"New Life," Monica
CD reviews 4/22: Monica and Sidi Toure
- April 21, 2012 - 4:38 PM
R&B: Monica, "New Life" (RCA)
Monica, like her two-time duet partner and onetime rumored professional rival, Brandy, is an artistic daughter of Whitney Houston. But the 32-year-old has always had a bit more grit and street veneer than Houston, qualities that have made her brand of R&B fit more smoothly in the realm of post-hip-hop R&B. Still, they can't quite save "New Life," a slickly produced collection of largely generic, meandering songs about self-affirmation in the wake of heartache and romantic disillusionment.
"It All Belongs to Me," her much-hyped reunion with Brandy, replaces the irresistible catfight of their first duet, "The Boy Is Mine," with sisterly bonding as they each discard a trifling lover. The track never really ignites. It's only on "New Life's" final two tracks -- "Cry," produced by Salaam Remi, and "Time to Move On," produced by D. Smith -- that Monica's seasoned, emotive voice soars.
ERNEST HARDY, LOS ANGELES TIMES
WORLD: Sidi Touré, "Koima" (Thrill Jockey)
Touré, from Mali, plays varieties of traditional African blues akin to his late countryman, Ali Farka Touré; they share a musical lineage but not a familial one. His first album for American indie label Thrill Jockey, last year's "Sahel Folk," was a low-key acoustic set of convivial and hypnotic duo recordings made at his sister's house. On "Koima," the guitarist and singer expands his palette: He recorded it in a Bamako studio with a quintet that includes a lead guitarist, bass player, vocalist, calabash player and soukou (violin) player. It's a livelier and brighter album, but it's no less entrancing.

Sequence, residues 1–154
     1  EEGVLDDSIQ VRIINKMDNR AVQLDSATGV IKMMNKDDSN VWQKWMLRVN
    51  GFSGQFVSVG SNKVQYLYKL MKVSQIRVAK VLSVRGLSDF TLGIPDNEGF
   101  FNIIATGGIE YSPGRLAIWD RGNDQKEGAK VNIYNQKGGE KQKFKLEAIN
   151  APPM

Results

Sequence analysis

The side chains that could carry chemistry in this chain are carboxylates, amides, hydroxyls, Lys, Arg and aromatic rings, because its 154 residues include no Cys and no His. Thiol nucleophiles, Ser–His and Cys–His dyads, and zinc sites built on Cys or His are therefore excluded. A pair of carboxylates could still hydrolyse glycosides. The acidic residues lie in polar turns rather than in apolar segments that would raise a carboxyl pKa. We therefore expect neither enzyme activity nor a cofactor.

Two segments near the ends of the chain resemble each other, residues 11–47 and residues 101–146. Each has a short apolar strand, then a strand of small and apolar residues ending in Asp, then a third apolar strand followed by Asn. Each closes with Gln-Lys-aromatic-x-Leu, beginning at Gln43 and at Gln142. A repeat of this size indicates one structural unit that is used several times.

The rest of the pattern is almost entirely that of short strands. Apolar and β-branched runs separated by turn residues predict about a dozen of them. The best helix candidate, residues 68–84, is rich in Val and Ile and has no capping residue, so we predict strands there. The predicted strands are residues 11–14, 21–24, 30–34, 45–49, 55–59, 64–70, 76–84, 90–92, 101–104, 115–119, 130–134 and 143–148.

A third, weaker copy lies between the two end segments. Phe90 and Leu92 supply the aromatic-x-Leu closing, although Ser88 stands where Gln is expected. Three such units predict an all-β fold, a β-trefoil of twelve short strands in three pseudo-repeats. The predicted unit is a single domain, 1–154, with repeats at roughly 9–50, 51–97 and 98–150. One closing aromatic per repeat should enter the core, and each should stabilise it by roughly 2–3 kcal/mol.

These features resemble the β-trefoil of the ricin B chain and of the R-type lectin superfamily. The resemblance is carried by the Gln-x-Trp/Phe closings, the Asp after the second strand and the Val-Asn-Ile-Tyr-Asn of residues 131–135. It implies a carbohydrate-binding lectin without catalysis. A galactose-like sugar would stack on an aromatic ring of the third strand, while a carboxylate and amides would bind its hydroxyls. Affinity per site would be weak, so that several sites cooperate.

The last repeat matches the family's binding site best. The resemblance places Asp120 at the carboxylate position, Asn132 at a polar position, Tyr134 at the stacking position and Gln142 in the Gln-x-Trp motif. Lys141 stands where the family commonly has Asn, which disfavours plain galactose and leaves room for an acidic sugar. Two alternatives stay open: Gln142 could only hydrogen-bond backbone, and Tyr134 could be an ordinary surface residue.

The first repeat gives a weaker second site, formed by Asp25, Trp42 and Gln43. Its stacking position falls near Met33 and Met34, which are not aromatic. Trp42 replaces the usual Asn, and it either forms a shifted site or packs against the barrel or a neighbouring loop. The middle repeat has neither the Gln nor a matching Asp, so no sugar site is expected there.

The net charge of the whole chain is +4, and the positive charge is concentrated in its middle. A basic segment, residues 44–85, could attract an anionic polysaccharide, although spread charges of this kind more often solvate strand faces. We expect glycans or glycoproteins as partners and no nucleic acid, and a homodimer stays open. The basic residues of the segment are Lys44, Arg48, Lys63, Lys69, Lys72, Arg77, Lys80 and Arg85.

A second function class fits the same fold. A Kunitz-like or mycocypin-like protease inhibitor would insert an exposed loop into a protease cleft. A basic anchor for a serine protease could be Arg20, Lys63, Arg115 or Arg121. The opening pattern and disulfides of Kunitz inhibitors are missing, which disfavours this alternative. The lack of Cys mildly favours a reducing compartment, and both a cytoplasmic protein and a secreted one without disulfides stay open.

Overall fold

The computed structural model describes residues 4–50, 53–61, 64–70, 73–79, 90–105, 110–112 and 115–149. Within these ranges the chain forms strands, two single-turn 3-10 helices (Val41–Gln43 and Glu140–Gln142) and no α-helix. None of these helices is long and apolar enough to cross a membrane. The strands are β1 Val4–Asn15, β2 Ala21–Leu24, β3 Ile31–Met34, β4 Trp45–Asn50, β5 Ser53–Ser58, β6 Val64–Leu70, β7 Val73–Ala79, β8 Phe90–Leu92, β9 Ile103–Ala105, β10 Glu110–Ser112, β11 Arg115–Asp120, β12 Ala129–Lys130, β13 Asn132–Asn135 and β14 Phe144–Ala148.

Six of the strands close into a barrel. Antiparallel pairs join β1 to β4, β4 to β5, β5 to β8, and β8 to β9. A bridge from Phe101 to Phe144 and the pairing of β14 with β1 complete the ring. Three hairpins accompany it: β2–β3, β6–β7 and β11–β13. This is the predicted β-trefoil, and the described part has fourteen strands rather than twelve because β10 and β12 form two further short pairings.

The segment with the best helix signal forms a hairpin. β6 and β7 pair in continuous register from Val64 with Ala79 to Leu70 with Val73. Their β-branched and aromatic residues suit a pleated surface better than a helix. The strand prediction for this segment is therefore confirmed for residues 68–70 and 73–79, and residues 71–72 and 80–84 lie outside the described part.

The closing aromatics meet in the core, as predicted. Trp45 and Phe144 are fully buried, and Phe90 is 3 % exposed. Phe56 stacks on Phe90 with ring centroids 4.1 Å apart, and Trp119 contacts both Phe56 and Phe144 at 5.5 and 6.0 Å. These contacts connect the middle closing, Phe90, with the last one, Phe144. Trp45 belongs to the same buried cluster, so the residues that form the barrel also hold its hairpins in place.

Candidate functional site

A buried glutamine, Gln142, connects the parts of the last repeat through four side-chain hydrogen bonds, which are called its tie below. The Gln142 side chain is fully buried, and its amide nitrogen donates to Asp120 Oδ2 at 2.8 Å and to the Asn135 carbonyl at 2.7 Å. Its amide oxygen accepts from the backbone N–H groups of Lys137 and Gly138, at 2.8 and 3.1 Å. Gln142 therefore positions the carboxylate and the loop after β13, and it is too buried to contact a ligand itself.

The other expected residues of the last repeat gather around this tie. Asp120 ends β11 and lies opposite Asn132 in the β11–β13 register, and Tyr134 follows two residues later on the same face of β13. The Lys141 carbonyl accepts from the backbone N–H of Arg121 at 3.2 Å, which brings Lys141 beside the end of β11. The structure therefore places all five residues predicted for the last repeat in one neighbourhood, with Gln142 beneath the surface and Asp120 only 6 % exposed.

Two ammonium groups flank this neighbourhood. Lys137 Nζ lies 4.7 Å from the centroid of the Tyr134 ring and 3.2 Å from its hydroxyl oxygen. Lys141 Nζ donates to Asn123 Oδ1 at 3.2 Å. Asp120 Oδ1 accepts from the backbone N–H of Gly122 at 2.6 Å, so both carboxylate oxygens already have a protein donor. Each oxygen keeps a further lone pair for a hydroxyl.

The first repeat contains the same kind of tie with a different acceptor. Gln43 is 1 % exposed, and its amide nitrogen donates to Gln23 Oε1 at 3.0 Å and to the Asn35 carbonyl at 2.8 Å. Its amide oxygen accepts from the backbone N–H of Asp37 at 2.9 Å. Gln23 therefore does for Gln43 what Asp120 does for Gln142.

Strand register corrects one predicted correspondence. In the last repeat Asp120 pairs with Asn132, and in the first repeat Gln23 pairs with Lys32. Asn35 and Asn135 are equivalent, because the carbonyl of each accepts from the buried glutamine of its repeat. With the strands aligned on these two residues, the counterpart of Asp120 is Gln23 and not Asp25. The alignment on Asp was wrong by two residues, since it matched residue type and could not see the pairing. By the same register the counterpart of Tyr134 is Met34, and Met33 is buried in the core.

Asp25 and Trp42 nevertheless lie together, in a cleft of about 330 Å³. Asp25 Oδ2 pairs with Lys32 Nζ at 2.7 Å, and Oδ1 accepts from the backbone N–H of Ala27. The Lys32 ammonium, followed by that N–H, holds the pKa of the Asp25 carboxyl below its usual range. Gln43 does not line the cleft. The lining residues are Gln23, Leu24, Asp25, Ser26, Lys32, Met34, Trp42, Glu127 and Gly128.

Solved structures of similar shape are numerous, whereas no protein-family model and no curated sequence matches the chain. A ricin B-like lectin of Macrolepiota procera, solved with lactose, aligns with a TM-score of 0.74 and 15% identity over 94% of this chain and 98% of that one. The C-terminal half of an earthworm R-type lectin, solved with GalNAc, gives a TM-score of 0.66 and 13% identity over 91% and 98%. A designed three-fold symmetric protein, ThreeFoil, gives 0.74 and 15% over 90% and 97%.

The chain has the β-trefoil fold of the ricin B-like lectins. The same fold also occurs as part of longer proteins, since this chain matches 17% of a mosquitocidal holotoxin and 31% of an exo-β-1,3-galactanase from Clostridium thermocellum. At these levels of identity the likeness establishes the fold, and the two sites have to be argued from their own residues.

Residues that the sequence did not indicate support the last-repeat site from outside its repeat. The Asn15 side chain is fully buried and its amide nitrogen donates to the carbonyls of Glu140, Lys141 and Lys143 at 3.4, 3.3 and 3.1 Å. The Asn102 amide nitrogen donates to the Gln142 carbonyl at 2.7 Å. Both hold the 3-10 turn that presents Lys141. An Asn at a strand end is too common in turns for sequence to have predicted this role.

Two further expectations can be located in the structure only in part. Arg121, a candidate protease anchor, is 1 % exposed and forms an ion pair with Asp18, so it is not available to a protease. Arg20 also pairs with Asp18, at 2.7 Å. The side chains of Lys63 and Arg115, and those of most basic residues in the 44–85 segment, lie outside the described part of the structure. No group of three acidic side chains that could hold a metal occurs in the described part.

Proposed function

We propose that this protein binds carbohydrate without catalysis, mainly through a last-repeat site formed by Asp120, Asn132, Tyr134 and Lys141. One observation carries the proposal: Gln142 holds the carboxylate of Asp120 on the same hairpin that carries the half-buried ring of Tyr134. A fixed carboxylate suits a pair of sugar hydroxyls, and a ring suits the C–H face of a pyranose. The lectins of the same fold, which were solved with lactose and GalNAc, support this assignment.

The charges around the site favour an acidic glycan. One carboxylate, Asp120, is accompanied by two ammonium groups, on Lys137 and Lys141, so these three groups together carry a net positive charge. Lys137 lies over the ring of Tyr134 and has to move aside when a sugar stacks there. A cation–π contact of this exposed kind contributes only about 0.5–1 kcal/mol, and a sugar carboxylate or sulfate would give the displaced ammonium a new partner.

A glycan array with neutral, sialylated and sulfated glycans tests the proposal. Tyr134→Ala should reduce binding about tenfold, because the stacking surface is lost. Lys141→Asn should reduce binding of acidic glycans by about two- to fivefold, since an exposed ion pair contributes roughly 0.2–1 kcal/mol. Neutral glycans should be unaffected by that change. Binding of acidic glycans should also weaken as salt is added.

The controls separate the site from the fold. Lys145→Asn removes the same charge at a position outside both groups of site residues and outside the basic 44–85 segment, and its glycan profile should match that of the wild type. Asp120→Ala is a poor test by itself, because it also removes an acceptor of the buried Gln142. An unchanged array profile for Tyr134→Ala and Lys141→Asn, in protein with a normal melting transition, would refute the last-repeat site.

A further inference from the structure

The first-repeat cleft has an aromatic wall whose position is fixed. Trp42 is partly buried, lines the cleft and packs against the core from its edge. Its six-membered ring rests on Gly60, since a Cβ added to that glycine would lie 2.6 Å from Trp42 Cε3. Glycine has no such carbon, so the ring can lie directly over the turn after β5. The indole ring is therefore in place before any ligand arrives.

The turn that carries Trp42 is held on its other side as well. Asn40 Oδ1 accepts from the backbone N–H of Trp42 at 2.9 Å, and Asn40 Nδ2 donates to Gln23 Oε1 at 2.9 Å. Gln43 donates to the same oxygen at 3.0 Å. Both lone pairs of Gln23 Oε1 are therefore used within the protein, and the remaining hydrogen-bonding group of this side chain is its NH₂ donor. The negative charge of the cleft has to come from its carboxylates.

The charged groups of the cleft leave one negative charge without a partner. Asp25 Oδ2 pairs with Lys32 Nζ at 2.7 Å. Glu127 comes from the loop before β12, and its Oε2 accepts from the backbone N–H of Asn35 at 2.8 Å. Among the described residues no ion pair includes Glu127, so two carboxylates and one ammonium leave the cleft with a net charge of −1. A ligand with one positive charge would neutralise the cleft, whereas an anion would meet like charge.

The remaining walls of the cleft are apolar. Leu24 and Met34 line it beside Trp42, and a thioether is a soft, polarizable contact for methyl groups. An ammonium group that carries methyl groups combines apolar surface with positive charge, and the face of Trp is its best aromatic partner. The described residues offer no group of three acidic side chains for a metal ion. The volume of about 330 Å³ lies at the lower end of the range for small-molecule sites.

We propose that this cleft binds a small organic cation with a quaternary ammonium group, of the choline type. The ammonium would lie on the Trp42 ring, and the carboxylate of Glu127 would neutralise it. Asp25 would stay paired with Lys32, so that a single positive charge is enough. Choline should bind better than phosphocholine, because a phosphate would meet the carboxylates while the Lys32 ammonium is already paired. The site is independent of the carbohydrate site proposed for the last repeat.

On the album's centerpiece, the nearly eight-minute "Ishi Tanmaha (They No Longer Hope)," the mood is somber and cyclical, but elsewhere the rhythms quicken with lightning runs on guitar and violin and vibrant call-and-response vocals that contrast Touré's deep voice with Leila Gobi's high-pitched one. Koima means "go hear." It's good advice.
STEVE KLINGE, PHILADELPHIA INQUIRER
JAZZ: Brad Mehldau Trio, "Ode" (Nonesuch)
For proof that evolution exists, look no further than this transformative trio CD from pianist Mehldau, bassist Larry Grenadier and drummer Jeff Ballard. The three have been together for much of the past seven years. And these originals have changed along with them. By now, they come off like sonic DNA; no one else could make these liquid beauties.
The session is, at root, a series of tributes. The flowing "M.B." (for Michael Brecker) honors the late tenor saxophonist, while "Kurt Vibe" is for the vanguard-leading guitarist Kurt Rosenwinkel, whom Mehldau cites as a serious influence. The set is melodic and kind of daring. It flows into some groove places and creates lots of little electric moments that the best trios make.
KARL STARK, PHILADELPHIA INQUIRER
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